Once the sun was up we met our guide Lopez in the car park and started our three hour walk down to Moni, cutting through villages and farms, learning about plants and life in Flores as we went. Interestingly, it wasn’t that long ago that Moni locals would run away when they saw a tourist. Now they’re very much used to the traffic, with many having two or so rooms to rent. I was also surprised to hear that Flores tourism was very badly effected by the East Timor conflict and Bali bombings, but things are starting to pick up again now, particularly in the high season where you need to book ahead or else you’ll end up sleeping in a local’s house or on a restaurant floor. Perhaps the most interesting conversation though was around marriage traditions in Moni. Holy shit you would not want to get married here if you were a guy. You need to pay a substantial amount of money/cows to the girl’s mother, eldest brother and uncle. There’s still some very old school thinking going on here with women sounding very much like a piece of property to be bought, but it sounds as though a few of the younger generation are going against the grain, so maybe this is a tradition that will be lost in the near future.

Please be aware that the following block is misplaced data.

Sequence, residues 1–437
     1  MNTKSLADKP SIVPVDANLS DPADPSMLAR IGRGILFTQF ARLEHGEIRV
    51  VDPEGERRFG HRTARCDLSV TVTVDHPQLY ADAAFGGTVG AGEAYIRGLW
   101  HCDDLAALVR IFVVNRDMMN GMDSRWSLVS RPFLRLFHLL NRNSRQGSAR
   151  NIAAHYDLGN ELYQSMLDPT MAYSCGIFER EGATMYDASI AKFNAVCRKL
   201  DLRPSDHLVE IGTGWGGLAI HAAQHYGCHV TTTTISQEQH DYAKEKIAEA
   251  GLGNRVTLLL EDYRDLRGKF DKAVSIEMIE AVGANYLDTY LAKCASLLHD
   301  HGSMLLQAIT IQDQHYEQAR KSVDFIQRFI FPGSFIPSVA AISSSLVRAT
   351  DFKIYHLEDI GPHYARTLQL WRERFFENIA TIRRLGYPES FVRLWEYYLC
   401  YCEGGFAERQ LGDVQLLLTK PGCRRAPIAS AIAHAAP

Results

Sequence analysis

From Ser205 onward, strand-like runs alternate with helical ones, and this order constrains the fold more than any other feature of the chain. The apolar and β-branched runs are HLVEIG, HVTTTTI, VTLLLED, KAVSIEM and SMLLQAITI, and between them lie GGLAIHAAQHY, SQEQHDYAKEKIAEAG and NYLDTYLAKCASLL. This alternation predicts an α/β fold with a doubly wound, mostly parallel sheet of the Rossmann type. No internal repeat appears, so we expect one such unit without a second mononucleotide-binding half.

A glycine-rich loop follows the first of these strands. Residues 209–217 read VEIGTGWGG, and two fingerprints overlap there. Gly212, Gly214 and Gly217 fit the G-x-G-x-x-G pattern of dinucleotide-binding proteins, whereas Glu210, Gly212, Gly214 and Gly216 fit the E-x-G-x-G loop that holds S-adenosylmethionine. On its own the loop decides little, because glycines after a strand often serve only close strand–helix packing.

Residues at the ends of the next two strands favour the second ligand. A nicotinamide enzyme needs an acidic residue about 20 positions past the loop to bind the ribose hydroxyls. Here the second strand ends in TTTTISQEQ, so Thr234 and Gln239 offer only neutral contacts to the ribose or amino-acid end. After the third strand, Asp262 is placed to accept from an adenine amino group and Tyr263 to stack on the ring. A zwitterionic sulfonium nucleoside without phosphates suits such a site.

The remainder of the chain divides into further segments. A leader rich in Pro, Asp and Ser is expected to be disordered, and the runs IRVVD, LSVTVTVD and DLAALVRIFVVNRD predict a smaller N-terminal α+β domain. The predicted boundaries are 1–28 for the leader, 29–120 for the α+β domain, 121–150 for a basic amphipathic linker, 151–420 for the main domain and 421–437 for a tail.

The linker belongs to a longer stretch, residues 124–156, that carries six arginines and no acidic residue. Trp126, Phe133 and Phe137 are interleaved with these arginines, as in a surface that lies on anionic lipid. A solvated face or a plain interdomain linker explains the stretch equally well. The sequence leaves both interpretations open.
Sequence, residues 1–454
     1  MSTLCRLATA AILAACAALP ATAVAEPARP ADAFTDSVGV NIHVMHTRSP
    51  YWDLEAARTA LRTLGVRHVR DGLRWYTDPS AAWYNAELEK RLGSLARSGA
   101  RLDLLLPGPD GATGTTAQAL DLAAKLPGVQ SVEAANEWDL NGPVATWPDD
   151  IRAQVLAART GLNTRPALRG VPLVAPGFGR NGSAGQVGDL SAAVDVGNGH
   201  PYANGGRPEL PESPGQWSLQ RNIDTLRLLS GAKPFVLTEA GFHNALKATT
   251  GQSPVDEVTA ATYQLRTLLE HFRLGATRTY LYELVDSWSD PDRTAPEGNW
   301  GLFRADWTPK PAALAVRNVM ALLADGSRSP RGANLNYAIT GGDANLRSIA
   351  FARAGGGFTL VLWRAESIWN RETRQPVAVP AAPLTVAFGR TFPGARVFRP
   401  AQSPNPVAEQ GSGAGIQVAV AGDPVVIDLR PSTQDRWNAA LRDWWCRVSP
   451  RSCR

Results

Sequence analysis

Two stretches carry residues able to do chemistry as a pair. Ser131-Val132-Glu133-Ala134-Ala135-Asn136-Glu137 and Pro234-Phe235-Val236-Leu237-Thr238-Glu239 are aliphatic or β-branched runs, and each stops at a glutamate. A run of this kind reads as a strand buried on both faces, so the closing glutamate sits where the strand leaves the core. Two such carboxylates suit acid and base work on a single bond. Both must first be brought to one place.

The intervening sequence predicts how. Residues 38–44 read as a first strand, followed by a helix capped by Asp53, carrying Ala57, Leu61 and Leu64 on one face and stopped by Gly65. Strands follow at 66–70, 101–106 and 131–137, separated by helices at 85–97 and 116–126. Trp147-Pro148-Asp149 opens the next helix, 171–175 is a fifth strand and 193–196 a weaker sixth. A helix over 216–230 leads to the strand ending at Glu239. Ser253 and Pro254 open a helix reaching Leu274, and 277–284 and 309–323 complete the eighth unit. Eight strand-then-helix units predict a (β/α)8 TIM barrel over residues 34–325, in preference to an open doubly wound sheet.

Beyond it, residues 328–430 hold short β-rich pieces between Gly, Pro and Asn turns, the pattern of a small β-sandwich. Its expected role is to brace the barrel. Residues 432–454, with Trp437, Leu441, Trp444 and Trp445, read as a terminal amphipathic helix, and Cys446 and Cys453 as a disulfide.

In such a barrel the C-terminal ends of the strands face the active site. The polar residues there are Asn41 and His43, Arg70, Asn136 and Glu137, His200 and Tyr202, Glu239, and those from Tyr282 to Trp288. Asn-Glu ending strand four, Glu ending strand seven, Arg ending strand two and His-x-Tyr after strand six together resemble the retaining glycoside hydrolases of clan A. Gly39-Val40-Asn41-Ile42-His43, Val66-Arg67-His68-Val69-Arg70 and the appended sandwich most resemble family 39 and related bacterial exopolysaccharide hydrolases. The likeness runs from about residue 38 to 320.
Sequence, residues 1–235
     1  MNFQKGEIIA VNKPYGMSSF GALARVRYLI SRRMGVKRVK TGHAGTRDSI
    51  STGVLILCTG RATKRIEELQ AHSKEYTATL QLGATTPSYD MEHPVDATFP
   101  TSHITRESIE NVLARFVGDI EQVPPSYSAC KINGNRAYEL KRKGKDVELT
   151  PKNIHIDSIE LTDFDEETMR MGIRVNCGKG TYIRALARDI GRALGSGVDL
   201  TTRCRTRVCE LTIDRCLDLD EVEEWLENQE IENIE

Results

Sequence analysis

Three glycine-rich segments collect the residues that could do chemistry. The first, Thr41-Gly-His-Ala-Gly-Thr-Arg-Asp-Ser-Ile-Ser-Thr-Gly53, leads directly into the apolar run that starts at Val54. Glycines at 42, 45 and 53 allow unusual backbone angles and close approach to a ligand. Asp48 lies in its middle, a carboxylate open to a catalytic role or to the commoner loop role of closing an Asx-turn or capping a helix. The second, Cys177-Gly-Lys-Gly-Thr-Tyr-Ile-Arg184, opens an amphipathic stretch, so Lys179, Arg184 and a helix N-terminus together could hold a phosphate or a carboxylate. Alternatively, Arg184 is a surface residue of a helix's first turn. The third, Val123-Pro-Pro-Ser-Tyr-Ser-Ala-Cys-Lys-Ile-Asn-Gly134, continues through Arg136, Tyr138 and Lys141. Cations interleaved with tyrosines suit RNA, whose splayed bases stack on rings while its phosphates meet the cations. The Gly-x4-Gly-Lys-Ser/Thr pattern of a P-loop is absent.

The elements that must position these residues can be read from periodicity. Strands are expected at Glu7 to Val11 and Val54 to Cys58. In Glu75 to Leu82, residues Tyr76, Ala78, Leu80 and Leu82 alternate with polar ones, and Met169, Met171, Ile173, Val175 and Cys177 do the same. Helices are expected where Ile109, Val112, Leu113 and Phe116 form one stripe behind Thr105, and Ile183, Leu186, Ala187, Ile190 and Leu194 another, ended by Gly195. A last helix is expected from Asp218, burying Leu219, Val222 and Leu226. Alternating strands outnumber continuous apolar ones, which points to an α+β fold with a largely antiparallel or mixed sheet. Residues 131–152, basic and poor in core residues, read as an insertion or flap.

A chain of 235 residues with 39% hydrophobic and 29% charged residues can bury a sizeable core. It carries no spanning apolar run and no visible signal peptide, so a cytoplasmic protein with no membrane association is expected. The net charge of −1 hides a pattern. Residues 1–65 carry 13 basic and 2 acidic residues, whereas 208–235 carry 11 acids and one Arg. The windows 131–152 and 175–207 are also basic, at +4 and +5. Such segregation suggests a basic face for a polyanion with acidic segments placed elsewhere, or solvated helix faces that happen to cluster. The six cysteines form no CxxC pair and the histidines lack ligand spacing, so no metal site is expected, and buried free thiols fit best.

Saving us from another bus ride, Billy organised a share taxi from Ende to swing by and pick us up on its way to Maumere. Again the scenery was beautiful. And just when we thought there would be no surprises with this mode of transport, the driver pulled over and picked up what we can only assume was a cousin or friend of his. By this time the car was full, with a nun riding shotgun and a guy needing his tv fixed with us in the back. No problem. The driver scooted over to the centre console, squashing the nun a bit, and the new guy got behind the wheel and proceeded to drive for an hour or so. All to a soundtrack of power ballads from the likes of Adele and Celine Dion.
We arrived at Ankermi Resort, at Watumita Beach which is about 30 km east of Maumere. In the dry season, it would be an absolutely beautiful place to stay but unfortunately the weather has been particularly bad, even for the wet season, with wind, rain and a strong swell. From our seaview bungalow it sounded as though the waves were going to hit our front door during the night. We had hoped to go snorkeling or to climb Mt Egon but the weather made both of these impossible so we hitched a ride to the airport with the owner Kermi to see if we could bring our flight forward a day. Unbeknownst to us, our flight had actually been cancelled. This happy coincidence meant that we got to change our flight and didn’t have to pay a cent. Thanks universe. We spent the rest of the day chilling by our bungalow and then after dinner we had an enoyable evening with Kermi and a German guy who has been visiting each year for over a decade, listening to their stories about Flores, Indonesia, travel and past visitors.
I think it’s safe to say we’ll be back at some point to explore a bit more of what this beautiful island and its friendly people have to offer. But before we left, Flores had one last quirky surprise for us, some hand written boarding passes for our flight back to Denpasar. Gotta love Se Asia.